While there may have been more than enough male swagger in these pages for my taste, it sets readers up to feel as gut-punched as Micheli does when, with a knit cap covering his bald head, cheeks flushed with “chemo glow,” and muscles atrophying from four rounds of chemo, he is mistaken for a woman when ordering a pink sangria for his wife at a concert he’s psyched himself up to attend with his family. He’s embarrassed “not only to be mistaken for a woman, but to be taken, as I surely must’ve been, for a homely one. Was I, I wondered in those languid seconds, even masculine-looking enough to pass as a butch woman? And did reflecting on such questions, I pondered, make me vain?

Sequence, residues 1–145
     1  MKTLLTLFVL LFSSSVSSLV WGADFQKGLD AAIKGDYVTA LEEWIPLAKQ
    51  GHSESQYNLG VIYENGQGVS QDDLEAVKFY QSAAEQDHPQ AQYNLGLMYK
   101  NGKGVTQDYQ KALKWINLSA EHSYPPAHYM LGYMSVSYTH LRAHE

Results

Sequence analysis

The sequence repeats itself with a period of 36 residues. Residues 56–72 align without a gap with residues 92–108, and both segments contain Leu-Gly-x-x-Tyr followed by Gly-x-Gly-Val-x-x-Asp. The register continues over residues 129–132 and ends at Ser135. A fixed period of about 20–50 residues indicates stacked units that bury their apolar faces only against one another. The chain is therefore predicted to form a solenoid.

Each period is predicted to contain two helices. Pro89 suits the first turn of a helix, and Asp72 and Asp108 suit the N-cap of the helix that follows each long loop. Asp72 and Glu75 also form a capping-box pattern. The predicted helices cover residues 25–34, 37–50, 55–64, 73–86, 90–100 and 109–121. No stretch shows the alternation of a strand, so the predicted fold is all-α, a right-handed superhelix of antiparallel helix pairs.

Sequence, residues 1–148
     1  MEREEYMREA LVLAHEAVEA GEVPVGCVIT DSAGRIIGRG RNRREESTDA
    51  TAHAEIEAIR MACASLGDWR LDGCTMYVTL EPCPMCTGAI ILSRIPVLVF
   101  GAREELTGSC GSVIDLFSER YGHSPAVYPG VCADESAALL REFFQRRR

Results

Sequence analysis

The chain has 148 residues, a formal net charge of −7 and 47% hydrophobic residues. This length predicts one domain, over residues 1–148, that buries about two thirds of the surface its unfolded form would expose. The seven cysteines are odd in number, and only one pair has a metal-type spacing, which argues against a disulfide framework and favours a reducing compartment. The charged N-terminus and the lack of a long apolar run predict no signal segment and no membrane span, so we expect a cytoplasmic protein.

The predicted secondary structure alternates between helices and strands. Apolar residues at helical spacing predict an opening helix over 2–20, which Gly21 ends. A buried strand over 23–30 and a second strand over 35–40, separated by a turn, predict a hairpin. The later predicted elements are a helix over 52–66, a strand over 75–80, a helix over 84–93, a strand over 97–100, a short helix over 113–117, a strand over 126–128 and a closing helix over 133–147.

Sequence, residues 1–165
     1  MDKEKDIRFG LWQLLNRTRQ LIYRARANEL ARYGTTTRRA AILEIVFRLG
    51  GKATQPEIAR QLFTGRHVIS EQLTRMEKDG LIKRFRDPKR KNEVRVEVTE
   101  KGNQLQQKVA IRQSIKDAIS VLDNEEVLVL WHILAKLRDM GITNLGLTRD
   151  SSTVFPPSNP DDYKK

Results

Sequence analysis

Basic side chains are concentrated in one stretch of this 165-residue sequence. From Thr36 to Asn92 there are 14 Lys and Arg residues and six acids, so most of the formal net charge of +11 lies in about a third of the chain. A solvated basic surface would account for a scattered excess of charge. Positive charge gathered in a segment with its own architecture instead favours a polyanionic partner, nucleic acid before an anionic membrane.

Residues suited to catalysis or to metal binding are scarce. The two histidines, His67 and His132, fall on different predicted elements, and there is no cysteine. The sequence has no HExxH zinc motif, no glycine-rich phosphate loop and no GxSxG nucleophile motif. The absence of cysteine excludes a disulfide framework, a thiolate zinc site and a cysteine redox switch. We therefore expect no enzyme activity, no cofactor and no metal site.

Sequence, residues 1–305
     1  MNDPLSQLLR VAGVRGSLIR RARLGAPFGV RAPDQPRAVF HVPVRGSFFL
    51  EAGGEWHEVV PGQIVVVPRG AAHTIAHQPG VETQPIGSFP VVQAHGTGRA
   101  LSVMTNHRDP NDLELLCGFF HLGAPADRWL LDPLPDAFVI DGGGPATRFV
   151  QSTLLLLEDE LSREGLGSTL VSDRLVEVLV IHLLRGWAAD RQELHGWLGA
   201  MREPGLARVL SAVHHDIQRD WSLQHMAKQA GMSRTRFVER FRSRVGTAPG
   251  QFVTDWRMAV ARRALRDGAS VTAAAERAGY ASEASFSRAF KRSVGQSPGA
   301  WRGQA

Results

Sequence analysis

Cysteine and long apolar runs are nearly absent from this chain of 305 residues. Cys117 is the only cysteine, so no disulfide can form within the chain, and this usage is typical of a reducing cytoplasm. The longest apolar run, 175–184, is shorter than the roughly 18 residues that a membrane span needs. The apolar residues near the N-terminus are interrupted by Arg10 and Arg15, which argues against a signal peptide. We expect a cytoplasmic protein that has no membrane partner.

He doesn’t leave it there. We’re right with him as his “anxiety turned to dread” and “dread to panic” as he’s called out for being “neutered” of his former self. Micheli’s wonderment at how none of the getting-through-cancer brochures prepared him for how cancer would “mess with my sense of myself as a man,” exposing a lacuna in resources aimed at helping those of us with cancer grapple with what we’ll lose. But without falling for the “cancer’s worth it because it’s made me a better person” trope, he knows these experiences have changed him; “without feeling embarrassed,” he writes, “I can now cry.”